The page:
Shredded: Whey protein and resistance exercise are the perfect combo for muscle mass gain


Image: Shredded: Whey protein and resistance exercise are the perfect combo for muscle mass gain

(Natural News) Whey protein is a popular supplement taken by athletes and bodybuilders alike, and for good reason: It’s useful in helping build muscles, especially when combined with strength training or resistance exercise. A study published in the journal Nutrition Research suggests that whey protein can be used as a nutritional supplement to support muscle growth because of its ability to counter the oxidative stress induced by a high-intensity exercise.

Researchers at the Federal University of Ouro Preto in Brazil assessed whether whey protein could contribute to muscle weight gain in response to resistance exercise. Whey protein is known for its nutritional value and antioxidant properties.

For the study, they hypothesized that consuming whey protein could increase muscle weight gain. To test this, the researchers subjected rats to a resistance exercise program, which lasted for eight weeks. During this period, some of the rats in the experimental group were given whey protein. The researchers also measured body and muscle weight gains, muscle glutathione content, histopathology, muscle antioxidant enzyme activities, and gene expression.

The results revealed that rats fed with whey protein had higher body and muscle weight gains than those that were not fed with whey protein supplements. In addition, consumption of whey protein also inhibited the oxidative effects induced by resistance exercise. The researchers noted that these beneficial effects of whey protein may be attributed to its antioxidant properties. From these findings, they concluded that whey protein intake could increase muscle growth.

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Whey protein both beneficial for muscle building and weight loss

Whey protein supplementation, together with resistance exercise, can help enhance muscle protein synthesis and promote the growth of lean tissue mass. A study published in the International Journal of Sport Nutrition and Exercise Metabolism found that men who supplemented with whey protein during resistance training had a greater relative gain in lean tissue mass.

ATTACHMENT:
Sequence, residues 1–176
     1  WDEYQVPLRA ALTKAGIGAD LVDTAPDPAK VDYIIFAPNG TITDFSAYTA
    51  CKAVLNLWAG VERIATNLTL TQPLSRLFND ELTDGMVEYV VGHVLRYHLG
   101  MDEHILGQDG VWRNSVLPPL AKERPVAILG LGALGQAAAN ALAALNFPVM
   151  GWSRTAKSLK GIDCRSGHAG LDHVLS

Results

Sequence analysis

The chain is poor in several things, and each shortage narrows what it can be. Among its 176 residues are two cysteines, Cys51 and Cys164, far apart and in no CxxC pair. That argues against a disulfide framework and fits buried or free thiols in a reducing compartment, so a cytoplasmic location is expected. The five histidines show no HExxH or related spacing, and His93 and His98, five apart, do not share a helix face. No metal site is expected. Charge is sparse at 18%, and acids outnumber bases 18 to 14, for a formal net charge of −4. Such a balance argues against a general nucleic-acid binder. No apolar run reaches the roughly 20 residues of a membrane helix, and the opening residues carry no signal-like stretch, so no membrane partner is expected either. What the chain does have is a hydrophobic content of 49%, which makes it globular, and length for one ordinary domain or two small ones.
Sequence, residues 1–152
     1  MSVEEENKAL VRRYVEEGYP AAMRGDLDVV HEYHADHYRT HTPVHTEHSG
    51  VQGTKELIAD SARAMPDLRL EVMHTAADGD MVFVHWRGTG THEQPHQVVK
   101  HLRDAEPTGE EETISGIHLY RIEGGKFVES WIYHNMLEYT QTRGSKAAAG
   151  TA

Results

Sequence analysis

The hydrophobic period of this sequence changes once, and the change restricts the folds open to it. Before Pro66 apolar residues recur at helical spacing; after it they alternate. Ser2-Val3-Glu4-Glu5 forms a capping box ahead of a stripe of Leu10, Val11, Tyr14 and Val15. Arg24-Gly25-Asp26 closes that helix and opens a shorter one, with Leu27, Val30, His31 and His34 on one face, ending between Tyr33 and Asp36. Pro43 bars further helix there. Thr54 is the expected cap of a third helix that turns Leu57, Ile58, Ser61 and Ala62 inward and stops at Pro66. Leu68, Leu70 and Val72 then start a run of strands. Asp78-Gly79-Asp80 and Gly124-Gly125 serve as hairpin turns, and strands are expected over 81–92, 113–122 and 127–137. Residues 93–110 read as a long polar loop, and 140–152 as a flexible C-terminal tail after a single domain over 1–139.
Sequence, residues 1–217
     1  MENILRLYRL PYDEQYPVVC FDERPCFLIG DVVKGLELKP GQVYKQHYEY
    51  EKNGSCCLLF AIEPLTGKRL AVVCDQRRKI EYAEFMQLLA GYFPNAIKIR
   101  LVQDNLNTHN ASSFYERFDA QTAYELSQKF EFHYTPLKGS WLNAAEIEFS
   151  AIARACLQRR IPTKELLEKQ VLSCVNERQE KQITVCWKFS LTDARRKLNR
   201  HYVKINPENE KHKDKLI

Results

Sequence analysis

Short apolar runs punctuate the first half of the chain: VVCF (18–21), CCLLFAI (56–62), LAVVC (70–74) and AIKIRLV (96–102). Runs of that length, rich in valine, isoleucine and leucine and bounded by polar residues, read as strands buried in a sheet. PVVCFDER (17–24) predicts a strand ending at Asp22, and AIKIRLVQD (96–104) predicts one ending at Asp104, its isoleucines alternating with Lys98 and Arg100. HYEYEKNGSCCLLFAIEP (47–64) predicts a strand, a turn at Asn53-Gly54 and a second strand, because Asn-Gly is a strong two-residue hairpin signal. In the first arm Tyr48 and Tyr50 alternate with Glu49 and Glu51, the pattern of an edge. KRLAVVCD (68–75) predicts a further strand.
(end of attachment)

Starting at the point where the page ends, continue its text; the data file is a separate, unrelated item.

Supplementing with whey isolate is also better than supplementing with casein for building muscle, according to another study published in the same journal. Researchers reported that whey isolate supplementation significantly resulted in greater gains in strength, lean body mass, and a decrease in fat mass compared with supplementation with casein during an intense 10-week resistance-training program.

Other benefits of consuming whey protein

Beyond muscle building and weight loss, whey protein also offers many other health benefits. This high-quality protein source helps lower blood pressure and blood sugar levels and reduce symptoms of stress and depression. Various studies have also shown that it may protect against cancer, improve the symptoms of hepatitis, increase bone mineral density, boost immune function in HIV patients, and prolong the life of mice.

Whey is rich in essential amino acids like cysteine, which increases the levels of the antioxidant glutathione and leads to many health benefits. It also contains other nutrients, such as lactoferrin, beta-lactoglobulin, alpha-lactalbumin, and immunoglobulins. (Related: Nutrients in whey protein may offer solutions to diseases such as diabetes, cardiovascular disorders, and poor bone formation.)

Taking whey protein is generally safe. A commonly recommended dose is 25 to 50 grams (g) — equivalent to one to two scoops — per day. Avoid consuming too much of it because it can cause digestive issues such as nausea, flatulence, diarrhea, pain, and cramping. Some people may also be allergic to whey protein because it is a mixture of proteins isolated from whey — the liquid part of milk that separates during cheese production.

Learn more about supplements for building muscles like whey protein at SupplementsReport.com.

Sources include:

Science.news

MedicalNewsToday.com

Healthline.com


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